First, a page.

As a tech geek working for companies that frowned upon the type of social media interaction by employees that Facebook encouraged, I stayed out of the fray for the longest time. When I finally entered it felt as though I came late to the party. By the time I joined in MySpace was old news, Facebook and Twitter were established and it felt my like I was jumping on the bandwagon instead of doing what I prefer, which is to forge into newly discovered territory to see what it’s capable of now and what it could be tomorrow. I will admit that the idea of finding old friends, missing for decades and keeping up with my far flung family interested me, hell downright excited me at times. Still could never really get the point of the over-exuberance.
I’m not sure about Cave Dweller but, I have always wanted to live out in the open and be much more gregarious and social than I am at heart. Unfortunately, whether do to insecurity or overall like ability I have never really fit into most groups and usuall end up on the outside looking in. I thought is the first few months that Facebook might change all that. It might be an opportunity to rekindle some long lost friendships damaged by distance, and create some context for the current relationships that needed assistance, as this medium would allow me to work on my small talk skills. Small talk is not my strong point. What I found instead was, I still didn’t have much to say about the day to day posts of friends and family, not because I didn’t care but because the posts really weren’t about a conversation it was, as Cave Dweller stated, “Look at me and all of the interesting things I’m doing!” Most of which, I really didn’t and still don’t find all that interesting. However, since 2009 I have played along waiting for that moment when the technology and or the society would turn a corner and the interaction I was looking for would happen. I’m still waiting! Like Cave Dweller the only real change I have seen is increasing commercialization by both the companies and the users.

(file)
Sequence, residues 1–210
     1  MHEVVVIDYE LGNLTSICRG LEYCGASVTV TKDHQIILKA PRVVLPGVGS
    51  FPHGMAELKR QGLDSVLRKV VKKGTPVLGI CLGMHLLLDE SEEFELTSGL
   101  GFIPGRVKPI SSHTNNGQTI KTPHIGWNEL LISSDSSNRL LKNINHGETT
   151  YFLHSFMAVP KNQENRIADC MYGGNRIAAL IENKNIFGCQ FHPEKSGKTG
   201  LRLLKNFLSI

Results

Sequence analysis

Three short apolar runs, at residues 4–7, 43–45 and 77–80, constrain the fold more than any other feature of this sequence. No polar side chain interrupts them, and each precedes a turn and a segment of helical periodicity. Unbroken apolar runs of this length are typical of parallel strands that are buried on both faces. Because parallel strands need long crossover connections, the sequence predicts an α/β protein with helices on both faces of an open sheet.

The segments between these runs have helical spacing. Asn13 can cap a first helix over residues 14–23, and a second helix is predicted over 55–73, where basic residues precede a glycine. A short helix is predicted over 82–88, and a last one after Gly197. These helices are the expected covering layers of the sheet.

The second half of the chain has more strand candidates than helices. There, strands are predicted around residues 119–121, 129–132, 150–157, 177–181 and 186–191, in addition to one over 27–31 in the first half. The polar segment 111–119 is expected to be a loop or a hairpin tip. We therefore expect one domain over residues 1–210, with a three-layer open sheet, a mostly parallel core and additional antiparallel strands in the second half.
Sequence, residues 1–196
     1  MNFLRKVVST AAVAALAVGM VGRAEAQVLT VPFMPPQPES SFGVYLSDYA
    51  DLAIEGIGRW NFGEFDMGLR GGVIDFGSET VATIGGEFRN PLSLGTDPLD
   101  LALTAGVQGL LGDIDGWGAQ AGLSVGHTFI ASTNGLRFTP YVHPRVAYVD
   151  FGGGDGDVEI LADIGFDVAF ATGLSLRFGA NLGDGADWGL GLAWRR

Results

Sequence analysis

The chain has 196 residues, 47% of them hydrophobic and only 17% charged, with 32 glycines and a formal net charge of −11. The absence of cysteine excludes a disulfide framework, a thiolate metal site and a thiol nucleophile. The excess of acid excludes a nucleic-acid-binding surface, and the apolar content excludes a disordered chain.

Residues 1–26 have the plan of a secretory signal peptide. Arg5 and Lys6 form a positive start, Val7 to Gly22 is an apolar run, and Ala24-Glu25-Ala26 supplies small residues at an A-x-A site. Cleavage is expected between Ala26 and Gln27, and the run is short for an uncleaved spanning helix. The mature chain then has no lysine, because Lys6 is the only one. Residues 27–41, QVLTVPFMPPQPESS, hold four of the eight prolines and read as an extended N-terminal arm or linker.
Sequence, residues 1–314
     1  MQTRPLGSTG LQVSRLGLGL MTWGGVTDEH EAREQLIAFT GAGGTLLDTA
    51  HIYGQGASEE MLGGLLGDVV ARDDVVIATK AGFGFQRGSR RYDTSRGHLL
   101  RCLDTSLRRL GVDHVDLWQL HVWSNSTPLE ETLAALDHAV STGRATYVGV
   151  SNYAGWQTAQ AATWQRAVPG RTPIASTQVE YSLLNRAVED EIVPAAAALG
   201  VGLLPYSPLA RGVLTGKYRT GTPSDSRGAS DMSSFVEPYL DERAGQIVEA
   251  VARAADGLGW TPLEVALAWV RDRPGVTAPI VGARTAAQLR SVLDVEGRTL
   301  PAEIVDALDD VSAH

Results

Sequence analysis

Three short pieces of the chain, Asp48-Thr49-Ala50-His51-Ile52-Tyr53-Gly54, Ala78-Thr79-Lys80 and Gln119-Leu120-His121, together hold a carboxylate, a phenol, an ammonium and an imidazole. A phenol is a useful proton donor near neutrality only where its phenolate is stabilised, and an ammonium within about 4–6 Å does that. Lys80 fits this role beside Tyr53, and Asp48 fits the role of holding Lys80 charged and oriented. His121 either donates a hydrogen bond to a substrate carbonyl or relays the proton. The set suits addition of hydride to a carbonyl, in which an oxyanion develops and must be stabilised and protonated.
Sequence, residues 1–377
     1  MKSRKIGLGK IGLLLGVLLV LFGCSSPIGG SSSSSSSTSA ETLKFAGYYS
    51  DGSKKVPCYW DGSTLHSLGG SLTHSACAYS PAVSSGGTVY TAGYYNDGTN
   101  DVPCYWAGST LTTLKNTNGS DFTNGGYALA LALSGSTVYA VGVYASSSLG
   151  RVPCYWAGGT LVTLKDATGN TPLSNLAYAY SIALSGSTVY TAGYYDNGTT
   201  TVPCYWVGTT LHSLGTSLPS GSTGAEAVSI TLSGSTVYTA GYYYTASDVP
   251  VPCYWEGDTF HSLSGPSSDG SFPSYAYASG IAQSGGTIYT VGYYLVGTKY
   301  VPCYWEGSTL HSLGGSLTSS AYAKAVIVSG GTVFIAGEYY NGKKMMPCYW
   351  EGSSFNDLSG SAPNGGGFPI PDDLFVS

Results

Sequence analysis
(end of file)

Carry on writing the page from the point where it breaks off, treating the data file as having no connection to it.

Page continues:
So I guess the short version of my response to Cave Dweller is, I feel your pain so, “Gather ye rosebuds while ye may,” may in this case be about focusing on “Ye” and when its right They may realize, ” Old Time is still a-flying” and begin to follow you for all the right reasons. Not because we barrage them with promotions on Facebook and Twitter.
Chris: Thanks for your comment. I feel like I walk a fine line writing a blog. My intention is to reach out to readers whether or not they buy my books. I learned a long time ago that it is much more important to write for myself than to write for the tastes of others. Writing is simply what I do. And although I would like to be able to consider myself financially successful, and I would love to share my stories with my readers across platforms, I am thankful to be here writing from my comfy cave and sharing my life with those cherished souls who happen to wander by.